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Uganda18 October 2002

Police withdraw from The Monitor

The police guard around the offices of The Monitor was removed on 16 October and most of the material seized five days earlier returned. The paper reappeared on 18 October. Managing editor Charles Onyango Obbo and deputy news editor Wanyama Wangah pleaded not guilty when they appeared in court on 16 October charged with reporting "false news" and publishing "information prejudicial to the security of the state." They were freed on bail of one and a half million shillings ($800) each. Frank Nyakairu, who wrote the offending article, was brought back to Kampala later on 16 October from the northern town of Gulu, where he had been detained. He appeared in court the next day and risks up to seven years in prison. He was freed on bail of two and a half million shillings ($1,340). When the removal of the police guard was announced, information minister Basoga Nsadhu warned journalists to obey the country’s laws and customs.


10.11.2002 - Journalist disappears and daily paper offices searched

Reporters Without Borders today condemned Uganda’s security forces for searching the offices of the country’s only independent newspaper, The Monitor, without permission yesterday and preventing publication of today’s issue. It also expressed concern about the army’s reported kidnapping of one of the paper’s journalists and called for his immediate release.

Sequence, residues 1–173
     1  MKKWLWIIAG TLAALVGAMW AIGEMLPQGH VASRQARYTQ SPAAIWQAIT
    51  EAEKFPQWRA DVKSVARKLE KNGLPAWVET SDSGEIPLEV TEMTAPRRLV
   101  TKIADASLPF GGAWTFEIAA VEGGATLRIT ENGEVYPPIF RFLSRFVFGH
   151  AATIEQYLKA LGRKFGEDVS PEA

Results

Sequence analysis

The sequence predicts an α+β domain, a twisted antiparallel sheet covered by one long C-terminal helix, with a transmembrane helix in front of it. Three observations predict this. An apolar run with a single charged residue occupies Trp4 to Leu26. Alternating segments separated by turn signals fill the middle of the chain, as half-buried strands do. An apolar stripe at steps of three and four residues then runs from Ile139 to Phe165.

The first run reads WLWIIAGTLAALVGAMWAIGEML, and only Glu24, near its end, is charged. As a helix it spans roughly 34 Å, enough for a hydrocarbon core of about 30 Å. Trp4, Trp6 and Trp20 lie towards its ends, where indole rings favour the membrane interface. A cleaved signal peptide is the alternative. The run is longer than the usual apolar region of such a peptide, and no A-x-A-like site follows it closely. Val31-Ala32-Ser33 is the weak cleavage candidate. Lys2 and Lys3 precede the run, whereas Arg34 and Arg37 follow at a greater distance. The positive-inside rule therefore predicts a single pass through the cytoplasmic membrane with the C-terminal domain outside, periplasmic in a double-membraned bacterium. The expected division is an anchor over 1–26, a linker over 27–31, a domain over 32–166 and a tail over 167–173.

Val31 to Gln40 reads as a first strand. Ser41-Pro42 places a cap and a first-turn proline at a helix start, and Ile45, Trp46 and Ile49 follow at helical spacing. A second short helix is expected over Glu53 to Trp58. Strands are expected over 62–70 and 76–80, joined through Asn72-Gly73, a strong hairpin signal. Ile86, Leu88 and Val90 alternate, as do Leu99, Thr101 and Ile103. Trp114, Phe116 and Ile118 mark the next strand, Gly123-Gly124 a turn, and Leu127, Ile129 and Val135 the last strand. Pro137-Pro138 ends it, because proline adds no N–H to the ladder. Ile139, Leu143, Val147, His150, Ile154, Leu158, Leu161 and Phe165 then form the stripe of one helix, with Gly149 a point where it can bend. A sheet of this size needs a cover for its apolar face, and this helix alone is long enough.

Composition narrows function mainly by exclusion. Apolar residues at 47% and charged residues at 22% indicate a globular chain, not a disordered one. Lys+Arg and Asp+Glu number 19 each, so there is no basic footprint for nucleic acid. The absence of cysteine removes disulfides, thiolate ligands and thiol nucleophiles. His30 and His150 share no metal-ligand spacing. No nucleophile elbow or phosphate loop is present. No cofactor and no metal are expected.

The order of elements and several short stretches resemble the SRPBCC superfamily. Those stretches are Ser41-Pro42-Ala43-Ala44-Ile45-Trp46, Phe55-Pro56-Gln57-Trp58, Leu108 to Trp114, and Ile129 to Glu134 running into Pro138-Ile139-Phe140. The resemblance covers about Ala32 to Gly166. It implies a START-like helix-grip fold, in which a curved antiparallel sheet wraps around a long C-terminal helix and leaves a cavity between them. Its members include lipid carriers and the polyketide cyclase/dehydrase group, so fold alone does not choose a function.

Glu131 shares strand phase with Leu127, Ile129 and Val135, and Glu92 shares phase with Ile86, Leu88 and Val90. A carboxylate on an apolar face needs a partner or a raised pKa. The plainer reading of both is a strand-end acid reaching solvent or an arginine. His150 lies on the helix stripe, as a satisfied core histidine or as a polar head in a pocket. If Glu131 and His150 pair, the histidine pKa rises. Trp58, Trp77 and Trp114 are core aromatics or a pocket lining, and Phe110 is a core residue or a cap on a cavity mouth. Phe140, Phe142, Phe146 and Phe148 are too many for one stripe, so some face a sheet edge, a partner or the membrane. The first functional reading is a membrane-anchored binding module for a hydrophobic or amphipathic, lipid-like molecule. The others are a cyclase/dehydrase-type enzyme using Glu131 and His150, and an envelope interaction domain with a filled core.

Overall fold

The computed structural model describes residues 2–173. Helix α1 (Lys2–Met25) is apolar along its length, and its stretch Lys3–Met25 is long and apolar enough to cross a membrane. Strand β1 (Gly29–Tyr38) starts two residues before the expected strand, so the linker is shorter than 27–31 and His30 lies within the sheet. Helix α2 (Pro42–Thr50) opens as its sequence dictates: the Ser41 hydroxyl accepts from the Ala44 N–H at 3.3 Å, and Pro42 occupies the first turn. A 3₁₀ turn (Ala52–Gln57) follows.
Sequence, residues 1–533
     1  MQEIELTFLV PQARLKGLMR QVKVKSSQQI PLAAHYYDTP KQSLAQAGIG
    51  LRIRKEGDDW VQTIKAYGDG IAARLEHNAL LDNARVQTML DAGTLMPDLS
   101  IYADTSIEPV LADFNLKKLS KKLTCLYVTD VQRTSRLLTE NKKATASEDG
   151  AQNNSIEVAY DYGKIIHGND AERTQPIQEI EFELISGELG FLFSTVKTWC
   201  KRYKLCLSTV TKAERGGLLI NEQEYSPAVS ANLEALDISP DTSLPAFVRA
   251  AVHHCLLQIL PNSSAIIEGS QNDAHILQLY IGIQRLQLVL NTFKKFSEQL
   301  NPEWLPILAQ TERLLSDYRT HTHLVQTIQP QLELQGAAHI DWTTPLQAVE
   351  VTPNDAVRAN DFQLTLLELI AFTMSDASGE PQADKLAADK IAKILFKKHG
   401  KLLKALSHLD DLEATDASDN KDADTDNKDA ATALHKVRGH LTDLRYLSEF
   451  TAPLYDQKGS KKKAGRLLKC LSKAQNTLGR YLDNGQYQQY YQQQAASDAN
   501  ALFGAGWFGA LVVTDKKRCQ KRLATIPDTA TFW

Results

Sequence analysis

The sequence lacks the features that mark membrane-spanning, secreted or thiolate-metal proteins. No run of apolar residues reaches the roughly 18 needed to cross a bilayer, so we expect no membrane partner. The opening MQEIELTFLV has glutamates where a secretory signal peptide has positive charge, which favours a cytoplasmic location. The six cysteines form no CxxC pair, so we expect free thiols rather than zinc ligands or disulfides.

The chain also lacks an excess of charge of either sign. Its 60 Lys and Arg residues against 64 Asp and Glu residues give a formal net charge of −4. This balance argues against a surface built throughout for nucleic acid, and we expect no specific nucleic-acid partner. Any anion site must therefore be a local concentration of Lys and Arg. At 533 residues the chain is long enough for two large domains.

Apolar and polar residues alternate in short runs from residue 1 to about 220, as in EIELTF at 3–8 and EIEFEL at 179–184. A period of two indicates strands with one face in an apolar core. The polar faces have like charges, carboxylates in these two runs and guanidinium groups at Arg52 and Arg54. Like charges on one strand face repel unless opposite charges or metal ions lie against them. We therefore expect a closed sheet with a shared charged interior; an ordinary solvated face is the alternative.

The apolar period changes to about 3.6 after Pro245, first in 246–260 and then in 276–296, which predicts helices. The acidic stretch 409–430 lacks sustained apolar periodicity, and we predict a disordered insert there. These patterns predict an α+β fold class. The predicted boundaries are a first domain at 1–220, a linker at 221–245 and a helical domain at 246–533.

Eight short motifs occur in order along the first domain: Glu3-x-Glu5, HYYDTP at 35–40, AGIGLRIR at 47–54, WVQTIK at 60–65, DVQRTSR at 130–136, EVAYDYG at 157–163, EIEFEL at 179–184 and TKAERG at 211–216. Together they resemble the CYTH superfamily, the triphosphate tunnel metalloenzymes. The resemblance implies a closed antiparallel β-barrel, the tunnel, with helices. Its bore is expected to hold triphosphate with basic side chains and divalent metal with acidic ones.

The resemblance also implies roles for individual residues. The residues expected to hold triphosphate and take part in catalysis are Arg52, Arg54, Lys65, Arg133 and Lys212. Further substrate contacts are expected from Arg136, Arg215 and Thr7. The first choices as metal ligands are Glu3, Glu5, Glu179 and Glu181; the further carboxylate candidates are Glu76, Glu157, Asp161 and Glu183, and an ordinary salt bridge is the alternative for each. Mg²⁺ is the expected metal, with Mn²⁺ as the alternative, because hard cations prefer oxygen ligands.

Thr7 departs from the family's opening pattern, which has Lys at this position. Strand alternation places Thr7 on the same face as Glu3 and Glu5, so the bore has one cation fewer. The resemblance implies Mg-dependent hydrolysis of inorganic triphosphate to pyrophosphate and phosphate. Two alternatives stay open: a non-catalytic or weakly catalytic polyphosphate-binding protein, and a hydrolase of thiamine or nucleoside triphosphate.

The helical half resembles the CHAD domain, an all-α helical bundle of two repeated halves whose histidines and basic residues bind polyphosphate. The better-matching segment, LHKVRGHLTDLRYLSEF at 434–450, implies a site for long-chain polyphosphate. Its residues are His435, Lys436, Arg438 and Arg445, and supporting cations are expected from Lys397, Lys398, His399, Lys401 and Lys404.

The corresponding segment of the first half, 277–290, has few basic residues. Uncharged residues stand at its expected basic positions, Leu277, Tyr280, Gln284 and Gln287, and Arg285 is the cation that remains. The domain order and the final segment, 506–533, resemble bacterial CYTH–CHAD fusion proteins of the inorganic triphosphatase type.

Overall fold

"The attitude of the security forces is a serious threat to press freedom," said Reporters Without Borders secretary-general Robert Ménard in a letter to President Yoweri Museveni. He urged him to ensure such incidents were not repeated and that journalists were free to do their job without threats and arbitrary searches.

Police searched the paper’s offices without a warrant on 10 October after publication of an article saying rebels in the north of the country had shot down an army helicopter. Police were looking for the article’s author, Frank Nyakairu, and any material concerning the report. Nyakairu was kidnapped by army troops in the north today, the paper’s staff said.

Press freedom has deteriorated in Uganda since the beginning of this year. A journalism student was killed by police during an opposition demonstration in January and a strict new anti-terrorist law likely to lead to abuses was passed in March.



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